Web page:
Jodie was busy managing Brown’s fundraising campaigns. In 1980, while still California’s governor, he took a shot at the Democratic presidential nomination against President Jimmy Carter (and lost). He served as governor through 1982, when he ran for US Senate (and lost). By this time, Jodie and Jan had two small children.
In November 1983, in need of a vacation, Brown and about two dozen friends, including Jodie and her family, went to Mexico. One morning, Jodie and Jan were at the beach with their son, Jasiu, daughter, Lala, and Jan’s twenty-one-year-old daughter from another marriage.
A rogue wave—waves—came from nowhere and swept the family into the sea. Jasiu, Jan, and his adult daughter were thrown back onto the sand. Jodie was pulled from the ocean by rescuers. A half hour later, 200 yards from shore, searchers found Lala in the water. The little girl could not be revived. Her funeral, back in California, was held on what would have been her second birthday.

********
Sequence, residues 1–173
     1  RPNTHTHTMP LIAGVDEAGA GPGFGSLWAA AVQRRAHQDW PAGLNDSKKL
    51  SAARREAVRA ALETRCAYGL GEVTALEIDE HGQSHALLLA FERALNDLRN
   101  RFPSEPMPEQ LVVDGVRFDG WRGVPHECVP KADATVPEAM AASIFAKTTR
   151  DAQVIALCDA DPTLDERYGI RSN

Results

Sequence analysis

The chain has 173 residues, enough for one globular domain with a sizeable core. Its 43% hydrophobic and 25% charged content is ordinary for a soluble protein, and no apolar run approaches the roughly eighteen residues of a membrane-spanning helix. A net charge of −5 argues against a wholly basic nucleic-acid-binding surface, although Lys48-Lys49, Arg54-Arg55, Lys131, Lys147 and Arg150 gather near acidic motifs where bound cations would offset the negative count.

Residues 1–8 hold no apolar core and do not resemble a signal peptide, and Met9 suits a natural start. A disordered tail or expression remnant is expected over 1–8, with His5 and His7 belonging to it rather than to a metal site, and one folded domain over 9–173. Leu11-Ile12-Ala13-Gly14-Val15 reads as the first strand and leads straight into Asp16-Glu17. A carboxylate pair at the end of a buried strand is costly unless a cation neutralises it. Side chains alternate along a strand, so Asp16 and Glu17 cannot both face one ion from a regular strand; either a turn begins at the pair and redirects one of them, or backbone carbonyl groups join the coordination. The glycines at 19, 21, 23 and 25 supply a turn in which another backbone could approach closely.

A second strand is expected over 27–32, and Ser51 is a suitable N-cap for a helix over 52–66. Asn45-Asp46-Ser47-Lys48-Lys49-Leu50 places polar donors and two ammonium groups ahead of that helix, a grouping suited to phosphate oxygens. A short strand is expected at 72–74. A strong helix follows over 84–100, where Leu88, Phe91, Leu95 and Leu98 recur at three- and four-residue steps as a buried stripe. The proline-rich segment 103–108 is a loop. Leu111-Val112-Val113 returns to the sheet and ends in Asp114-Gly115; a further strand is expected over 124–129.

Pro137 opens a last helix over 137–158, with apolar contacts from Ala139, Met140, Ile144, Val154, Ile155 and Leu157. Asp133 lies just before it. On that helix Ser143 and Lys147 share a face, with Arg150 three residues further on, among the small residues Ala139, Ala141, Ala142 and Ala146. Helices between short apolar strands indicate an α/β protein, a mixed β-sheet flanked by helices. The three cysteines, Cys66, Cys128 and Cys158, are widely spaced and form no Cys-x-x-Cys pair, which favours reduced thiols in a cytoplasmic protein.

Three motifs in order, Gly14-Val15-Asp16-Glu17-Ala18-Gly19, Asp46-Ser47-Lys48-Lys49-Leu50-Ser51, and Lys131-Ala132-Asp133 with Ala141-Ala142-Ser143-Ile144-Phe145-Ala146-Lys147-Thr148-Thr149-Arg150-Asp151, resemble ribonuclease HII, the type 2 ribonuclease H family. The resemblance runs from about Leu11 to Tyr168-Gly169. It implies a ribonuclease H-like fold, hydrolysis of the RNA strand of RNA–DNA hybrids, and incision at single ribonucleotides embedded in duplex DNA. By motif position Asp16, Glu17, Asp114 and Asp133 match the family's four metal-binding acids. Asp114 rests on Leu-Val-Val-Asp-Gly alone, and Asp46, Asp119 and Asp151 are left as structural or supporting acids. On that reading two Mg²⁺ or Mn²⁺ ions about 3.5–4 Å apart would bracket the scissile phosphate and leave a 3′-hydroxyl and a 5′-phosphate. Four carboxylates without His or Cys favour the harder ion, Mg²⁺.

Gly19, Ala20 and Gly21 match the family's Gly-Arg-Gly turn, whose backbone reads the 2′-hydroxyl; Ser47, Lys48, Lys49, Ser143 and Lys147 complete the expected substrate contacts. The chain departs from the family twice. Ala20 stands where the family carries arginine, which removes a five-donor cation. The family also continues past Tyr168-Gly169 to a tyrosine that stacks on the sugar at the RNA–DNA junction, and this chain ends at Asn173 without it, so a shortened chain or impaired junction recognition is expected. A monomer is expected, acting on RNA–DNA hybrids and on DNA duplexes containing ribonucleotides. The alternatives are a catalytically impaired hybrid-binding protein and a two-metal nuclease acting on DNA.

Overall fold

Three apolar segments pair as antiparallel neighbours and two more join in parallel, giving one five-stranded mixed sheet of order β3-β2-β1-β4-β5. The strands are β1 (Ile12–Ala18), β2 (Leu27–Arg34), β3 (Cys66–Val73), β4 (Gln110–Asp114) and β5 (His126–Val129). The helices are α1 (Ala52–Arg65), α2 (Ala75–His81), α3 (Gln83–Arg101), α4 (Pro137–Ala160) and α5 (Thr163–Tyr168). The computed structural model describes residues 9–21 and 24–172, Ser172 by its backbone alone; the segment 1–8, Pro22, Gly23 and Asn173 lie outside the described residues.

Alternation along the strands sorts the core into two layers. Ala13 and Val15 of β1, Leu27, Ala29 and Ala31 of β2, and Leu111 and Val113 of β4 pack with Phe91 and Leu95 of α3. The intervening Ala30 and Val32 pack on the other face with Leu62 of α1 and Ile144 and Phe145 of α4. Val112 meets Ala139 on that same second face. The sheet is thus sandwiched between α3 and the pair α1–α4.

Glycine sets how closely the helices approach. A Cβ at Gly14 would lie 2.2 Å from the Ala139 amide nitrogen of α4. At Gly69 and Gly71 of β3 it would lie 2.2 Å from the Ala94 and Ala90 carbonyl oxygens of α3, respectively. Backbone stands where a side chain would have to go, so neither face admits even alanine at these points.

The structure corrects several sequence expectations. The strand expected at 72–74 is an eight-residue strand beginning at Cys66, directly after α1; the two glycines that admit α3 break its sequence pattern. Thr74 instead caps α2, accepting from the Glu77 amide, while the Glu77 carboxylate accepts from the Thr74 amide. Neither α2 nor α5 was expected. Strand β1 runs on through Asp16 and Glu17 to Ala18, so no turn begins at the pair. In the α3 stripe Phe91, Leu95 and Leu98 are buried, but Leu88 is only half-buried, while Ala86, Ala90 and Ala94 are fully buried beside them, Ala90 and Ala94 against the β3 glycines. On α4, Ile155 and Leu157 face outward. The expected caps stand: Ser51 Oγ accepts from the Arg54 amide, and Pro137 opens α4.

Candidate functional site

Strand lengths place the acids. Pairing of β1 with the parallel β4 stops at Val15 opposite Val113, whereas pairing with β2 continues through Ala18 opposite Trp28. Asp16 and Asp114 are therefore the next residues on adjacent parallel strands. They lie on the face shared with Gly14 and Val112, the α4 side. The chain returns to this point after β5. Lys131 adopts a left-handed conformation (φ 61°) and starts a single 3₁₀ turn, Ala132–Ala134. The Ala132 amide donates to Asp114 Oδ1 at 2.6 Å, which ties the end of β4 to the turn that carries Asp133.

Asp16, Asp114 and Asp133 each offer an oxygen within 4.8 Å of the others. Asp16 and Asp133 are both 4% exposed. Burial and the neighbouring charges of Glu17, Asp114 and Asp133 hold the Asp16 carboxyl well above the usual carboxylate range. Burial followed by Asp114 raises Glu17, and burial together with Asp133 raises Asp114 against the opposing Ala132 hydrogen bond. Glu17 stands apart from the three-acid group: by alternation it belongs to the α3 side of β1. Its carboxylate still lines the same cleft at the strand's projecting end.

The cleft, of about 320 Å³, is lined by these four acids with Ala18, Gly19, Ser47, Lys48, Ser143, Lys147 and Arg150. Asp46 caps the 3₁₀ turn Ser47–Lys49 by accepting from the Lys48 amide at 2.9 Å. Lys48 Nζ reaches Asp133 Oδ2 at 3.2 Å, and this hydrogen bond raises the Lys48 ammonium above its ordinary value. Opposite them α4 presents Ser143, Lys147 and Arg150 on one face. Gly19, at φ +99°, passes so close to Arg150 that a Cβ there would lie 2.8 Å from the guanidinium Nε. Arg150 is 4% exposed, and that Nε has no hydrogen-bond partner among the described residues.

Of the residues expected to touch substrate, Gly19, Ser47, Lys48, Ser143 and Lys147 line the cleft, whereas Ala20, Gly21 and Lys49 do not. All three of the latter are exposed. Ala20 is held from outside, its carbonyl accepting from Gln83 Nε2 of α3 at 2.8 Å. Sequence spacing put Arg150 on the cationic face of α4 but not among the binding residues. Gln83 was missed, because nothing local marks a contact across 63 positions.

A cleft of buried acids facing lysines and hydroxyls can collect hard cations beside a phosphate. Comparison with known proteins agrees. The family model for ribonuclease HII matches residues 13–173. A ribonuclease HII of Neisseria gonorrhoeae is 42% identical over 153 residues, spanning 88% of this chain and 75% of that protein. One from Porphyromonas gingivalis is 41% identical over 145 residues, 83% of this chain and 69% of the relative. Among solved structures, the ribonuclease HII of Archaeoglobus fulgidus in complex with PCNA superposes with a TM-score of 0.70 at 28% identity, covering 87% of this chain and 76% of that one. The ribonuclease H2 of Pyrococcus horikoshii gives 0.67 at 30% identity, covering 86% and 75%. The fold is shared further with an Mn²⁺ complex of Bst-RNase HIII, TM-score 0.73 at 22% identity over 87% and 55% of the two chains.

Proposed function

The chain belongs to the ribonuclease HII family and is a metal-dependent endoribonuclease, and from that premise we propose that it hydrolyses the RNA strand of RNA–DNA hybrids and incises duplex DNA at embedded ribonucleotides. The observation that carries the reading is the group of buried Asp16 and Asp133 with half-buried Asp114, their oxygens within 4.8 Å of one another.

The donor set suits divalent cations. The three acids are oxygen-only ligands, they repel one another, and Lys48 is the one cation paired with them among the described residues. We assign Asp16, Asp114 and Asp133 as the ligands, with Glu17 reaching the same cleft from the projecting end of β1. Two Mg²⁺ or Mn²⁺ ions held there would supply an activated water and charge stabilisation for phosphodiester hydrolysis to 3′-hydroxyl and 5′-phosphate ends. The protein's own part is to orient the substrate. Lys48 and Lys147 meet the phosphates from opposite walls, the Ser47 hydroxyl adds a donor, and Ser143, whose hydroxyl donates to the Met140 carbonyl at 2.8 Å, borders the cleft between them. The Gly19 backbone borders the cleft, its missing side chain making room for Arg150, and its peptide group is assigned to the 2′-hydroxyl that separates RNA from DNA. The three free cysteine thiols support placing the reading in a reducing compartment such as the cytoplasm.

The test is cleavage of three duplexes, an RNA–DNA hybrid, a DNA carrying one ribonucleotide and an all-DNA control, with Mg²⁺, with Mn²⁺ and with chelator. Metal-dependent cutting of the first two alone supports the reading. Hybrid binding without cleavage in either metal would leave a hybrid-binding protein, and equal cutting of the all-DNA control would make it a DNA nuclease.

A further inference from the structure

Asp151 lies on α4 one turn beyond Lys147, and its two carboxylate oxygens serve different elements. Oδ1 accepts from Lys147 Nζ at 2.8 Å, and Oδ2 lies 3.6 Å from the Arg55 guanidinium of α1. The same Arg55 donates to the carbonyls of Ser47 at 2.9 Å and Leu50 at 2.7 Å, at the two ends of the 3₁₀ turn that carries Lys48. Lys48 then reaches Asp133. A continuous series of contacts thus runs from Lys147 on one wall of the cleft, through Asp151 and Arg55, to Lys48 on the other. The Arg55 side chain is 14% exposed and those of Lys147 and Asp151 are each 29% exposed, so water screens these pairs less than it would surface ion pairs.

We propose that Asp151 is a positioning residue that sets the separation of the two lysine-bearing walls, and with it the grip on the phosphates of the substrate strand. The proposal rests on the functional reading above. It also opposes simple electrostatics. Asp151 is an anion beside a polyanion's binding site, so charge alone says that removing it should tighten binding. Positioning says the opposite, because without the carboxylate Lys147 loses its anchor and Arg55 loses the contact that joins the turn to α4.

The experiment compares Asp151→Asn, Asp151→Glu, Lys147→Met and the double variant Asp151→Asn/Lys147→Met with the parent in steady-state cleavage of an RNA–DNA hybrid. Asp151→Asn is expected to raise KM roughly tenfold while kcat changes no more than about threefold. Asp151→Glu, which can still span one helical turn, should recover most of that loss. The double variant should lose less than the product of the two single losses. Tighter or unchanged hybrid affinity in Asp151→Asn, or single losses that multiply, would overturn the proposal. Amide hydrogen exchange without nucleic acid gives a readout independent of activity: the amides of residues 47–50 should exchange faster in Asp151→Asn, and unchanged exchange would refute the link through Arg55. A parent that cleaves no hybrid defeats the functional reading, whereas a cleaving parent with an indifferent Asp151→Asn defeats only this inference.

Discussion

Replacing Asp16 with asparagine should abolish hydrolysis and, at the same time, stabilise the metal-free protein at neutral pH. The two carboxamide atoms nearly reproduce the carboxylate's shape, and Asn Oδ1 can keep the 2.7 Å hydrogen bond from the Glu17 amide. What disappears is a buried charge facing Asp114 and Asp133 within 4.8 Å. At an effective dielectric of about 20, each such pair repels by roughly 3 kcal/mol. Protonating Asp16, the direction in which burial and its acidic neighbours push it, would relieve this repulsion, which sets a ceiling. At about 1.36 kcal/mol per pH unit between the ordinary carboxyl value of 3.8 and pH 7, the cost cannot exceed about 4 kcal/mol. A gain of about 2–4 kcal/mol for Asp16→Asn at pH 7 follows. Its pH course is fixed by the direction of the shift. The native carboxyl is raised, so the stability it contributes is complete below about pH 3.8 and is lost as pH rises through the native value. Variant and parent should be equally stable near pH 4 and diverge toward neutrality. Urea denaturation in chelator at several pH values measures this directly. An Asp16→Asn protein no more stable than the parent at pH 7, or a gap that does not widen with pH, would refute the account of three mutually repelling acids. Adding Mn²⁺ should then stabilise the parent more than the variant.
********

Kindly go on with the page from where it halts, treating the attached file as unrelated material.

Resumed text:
There is a portrait of Lala by the artist Lori Precious that shows a little redheaded girl with a sideways smile and indigo eyes. It is made of butterfly wings.
In her public life, Jodie doesn’t talk about the death of her daughter. But in a 2009 Code Pink video, she said, “I was born to understand the gap between tremendous personal loss and loving my life exactly as it is.”
Jodie’s marriage to Jan didn’t survive the tragedy. She started keeping company with Max Palevsky, the political player she’d met back at that significant McGovern party.